This work presents an analysis of spectra and estimations of zonal wavenumbers for mean wind and semidiurnal tide amplitude oscillations observed during July-September 1998 by 3 meteor radars and one MF radar. A number of mean wind and tidal amplitude oscillations are found that are possibly related to the evolution of the summer mesospheric zonal wind jet. The mean zonal wind undergoes several significant variations ("transitions") during this time interval. These changes were accompanied by a frequency decreasing of the QTDW (quasi-2-day wave) in such a way that oscillations with a period of roughly about 36-44 h at the beginning of the measurements were replaced by strong 48-h waves, which in its turn after the end of the QTDW burst are replaced by a set of 3-6 day oscillations. Before the strong 48-h wave appearance we observe mean zonal wind variations with a temporal scale of 4 days. The set of 3-6 days includes 3-4 day waves with s similar to 3 and 5-6 day waves with s = 1. The last wave is absent in the upper stratosphere during the time of observations and suggests to appear in the mesosphere. The both waves could represent a signature of the simultaneous non-linear excitation of a triad of waves. The zonal wind "transitions" also reflected in the semidiurnal tide by modulations of the tidal amplitudes with periods of 3-4 days and about 5 days. Some features observed at the end of summer 1998 could be explained by interaction between a zonally averaged wind variation and the semidiurnal tide. In a spectral representation, this variation looks like an oscillation, but is not a planetary wave. The strongest long-period modulations of the semidiurnal tide were observed during strong geopotential perturbations in the stratosphere of the Southern hemisphere. (c) 2005 Elsevier Ltd. All rights reserved.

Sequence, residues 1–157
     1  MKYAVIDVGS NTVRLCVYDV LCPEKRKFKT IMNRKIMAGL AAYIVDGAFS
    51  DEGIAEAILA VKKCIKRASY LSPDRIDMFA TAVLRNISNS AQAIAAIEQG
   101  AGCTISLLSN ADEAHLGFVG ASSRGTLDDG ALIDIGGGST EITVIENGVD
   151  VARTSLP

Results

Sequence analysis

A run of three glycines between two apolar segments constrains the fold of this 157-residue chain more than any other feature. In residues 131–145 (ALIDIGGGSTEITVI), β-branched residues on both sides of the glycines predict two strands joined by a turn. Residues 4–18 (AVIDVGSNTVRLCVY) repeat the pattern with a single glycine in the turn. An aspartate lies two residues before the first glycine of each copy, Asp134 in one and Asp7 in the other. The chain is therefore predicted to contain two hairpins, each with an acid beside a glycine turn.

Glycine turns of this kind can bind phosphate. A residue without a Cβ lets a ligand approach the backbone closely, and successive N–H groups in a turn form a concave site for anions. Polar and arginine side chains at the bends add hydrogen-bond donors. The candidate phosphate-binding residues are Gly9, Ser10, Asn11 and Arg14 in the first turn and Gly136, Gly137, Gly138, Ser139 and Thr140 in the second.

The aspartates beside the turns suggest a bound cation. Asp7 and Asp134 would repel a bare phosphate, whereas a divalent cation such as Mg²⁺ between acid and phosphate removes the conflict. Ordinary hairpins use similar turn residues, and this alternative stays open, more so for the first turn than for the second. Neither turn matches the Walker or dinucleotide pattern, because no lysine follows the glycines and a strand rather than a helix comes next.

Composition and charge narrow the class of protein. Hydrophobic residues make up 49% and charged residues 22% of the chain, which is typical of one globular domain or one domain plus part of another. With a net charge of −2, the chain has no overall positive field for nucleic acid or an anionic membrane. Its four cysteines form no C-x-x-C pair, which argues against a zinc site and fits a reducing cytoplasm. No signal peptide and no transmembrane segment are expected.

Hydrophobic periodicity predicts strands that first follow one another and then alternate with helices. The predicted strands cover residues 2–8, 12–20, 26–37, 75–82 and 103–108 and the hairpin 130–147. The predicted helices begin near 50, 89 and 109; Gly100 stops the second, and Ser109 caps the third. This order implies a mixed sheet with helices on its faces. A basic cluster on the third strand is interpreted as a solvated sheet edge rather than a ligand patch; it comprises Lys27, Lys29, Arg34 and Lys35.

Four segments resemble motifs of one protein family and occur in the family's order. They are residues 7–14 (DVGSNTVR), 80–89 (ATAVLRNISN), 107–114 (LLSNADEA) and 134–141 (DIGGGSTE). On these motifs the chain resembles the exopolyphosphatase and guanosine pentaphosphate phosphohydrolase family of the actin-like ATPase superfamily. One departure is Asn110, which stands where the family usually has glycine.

|Number of pages||17|
|Journal||Journal of Atmospheric and Solar-Terrestrial Physics|
|Publication status||Published - 2005|